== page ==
Been a SVN user when I started building serious projects. SVN is a centralized source control management software available for most platforms. It works fine for me for several months of work. It just works!
However, there comes a time when I need to bring source codes from one location to another and modifies code at different places where the central repository is not available. It is very cumbersome for me to transfer files from one location to another, then update the central repository afterwards. Tracking modified files becomes difficult so I need to copy the whole working copy and apply changes to the central repo.
I tried branching and merging but it is somehow very slow and I can make it work. The tutorial I followed does not just work for me. Committing and updating is very slow since it needs to connect to the central server via LAN. And the worst user experience is the slow Tortoise SVN cache that hangs up my Windows machine at the office during update/commit.
Since most of our projects are powered by Zend Framework, SVN update/commit/query becomes so slow especially if we update/commit from the project root.
Finally I tried GIT.
Git is a free & open source, distributed version control system designed to handle everything from small to very large projects with speed and efficiency.
Indeed it was fast! This is the way I use it together with the most commonly used commands.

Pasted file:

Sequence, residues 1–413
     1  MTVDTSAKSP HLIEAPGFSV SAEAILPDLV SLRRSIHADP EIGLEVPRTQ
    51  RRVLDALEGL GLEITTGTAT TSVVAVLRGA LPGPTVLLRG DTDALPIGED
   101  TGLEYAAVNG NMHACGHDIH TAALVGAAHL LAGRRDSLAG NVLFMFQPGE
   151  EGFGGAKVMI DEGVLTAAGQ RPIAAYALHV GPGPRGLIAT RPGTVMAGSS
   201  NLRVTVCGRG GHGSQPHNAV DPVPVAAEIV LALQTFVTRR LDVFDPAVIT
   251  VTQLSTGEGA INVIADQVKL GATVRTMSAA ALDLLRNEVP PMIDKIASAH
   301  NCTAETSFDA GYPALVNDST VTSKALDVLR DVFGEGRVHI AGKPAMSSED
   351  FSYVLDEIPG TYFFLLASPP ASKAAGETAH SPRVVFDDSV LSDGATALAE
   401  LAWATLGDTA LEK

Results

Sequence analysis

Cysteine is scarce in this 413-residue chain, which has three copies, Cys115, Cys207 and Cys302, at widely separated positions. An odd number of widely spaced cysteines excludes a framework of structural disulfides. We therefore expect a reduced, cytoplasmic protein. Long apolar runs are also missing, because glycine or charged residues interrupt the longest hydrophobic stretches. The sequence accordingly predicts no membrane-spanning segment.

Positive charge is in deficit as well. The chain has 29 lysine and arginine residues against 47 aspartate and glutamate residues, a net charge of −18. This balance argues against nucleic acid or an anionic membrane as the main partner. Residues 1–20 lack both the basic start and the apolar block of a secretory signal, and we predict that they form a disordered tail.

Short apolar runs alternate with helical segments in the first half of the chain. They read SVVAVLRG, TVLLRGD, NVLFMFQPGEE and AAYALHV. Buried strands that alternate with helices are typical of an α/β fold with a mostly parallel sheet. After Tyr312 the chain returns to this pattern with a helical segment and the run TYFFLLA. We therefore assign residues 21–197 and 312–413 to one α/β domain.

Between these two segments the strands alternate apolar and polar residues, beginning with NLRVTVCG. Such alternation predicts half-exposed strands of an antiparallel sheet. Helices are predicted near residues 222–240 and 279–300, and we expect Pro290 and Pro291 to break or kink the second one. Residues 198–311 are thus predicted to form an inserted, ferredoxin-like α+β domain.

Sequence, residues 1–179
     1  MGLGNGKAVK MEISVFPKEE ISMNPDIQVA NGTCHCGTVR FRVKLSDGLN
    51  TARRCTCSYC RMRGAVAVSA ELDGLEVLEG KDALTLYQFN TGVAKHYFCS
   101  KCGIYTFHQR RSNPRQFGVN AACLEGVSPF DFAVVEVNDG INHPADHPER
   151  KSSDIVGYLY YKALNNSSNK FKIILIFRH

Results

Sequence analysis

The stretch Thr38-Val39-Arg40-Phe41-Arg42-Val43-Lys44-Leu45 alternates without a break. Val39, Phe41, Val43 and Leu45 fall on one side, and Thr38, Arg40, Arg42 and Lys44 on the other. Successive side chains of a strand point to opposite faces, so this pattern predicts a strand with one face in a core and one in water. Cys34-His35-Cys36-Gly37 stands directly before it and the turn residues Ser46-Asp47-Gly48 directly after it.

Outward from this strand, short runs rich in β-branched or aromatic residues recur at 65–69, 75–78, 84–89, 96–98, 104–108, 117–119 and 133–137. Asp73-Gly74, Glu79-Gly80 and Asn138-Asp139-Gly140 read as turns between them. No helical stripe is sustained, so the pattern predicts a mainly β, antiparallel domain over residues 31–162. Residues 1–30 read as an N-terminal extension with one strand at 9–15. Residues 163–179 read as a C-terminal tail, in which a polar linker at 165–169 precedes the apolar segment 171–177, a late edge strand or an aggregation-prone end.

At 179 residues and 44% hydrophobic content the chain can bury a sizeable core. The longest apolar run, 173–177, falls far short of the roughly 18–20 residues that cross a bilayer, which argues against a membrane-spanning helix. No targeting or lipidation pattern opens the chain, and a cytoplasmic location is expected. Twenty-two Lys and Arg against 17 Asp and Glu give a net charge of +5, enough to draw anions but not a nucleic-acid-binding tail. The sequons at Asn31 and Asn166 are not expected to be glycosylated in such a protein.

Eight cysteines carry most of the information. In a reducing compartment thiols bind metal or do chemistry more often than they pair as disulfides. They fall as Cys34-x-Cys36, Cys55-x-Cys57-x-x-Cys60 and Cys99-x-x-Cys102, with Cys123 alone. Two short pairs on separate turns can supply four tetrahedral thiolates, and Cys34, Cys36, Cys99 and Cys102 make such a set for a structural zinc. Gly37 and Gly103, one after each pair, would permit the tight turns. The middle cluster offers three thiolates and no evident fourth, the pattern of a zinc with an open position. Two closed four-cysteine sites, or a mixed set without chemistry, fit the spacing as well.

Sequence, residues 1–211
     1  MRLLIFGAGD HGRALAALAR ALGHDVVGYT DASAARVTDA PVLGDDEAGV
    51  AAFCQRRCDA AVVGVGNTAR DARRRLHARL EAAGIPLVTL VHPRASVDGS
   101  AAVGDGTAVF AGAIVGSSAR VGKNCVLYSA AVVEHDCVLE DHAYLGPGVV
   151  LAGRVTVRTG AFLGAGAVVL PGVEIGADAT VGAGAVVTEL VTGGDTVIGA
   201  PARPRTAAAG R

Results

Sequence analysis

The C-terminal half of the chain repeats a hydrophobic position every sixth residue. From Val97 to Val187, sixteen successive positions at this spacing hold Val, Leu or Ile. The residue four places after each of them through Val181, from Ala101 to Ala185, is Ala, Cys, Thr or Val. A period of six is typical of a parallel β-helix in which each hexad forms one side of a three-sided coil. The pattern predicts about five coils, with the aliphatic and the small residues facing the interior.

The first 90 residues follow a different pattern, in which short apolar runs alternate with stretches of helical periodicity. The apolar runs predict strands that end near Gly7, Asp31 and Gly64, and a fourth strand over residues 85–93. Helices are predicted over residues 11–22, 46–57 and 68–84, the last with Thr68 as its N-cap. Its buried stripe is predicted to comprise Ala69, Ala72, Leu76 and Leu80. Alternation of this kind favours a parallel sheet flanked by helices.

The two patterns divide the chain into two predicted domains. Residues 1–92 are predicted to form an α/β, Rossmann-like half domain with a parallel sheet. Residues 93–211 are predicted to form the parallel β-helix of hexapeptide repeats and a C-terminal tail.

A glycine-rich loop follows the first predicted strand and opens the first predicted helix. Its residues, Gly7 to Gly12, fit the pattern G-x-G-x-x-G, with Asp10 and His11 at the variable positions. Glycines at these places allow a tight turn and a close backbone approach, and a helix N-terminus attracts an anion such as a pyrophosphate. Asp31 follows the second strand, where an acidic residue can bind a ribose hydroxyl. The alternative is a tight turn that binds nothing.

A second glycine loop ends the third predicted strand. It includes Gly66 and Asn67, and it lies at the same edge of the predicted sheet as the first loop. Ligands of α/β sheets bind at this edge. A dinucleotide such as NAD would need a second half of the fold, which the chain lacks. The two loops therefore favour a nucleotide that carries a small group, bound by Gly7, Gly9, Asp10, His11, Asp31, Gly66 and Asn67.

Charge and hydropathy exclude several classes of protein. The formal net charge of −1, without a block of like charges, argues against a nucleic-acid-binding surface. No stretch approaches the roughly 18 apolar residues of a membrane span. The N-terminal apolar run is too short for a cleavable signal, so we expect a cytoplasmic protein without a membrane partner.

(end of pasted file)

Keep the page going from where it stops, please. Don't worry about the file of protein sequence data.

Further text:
git init – To initialize the current directory to create a git repository.
git add . – Don’t forget the dot. It put the current working directory into staging area (index), before it is committed.
git commit -m “commit message” – To commit to the repository. It gets the file from the staging area, that’s why you need to use git add first before git commit.
gitk – To view the history using graphical interface.
git branch – To display branches.
git branch branch_name – To create a new branch.
git checkout branch_name – To checkout the selected branch to the working directory.
git merge branch_name – To merge the selected branch name to the currently checked-out branch.
git clone /path/to/source – To clone a git repository copying all its history and logs including of course the source codes.
git pull /path/to/source branch_name – To pull the changes made from the source and merge it automatically to you current branch.
git remote rm origin – To remove the remote origin from a git clone repository. This is usually done to remove a annoying message “You blah blah blah is ahead of xx commits from blah blah blah”.
Being addicted sometimes to coding, I need to code in the office and at home, so here is the usual workflow using three git repository. One for the office, one at home and one on my USB flash drive.
First, after the hard work in the office, I commit all changes to the GIT repo at once. Next, I put the flash drive, go to another clone repo and issue git pull to pull the changes on my office source codes. Lastly, when I got home, I till pull the changes from the flash drive into the home repository.
When I have modified something at home, I will just do the reverse procedure.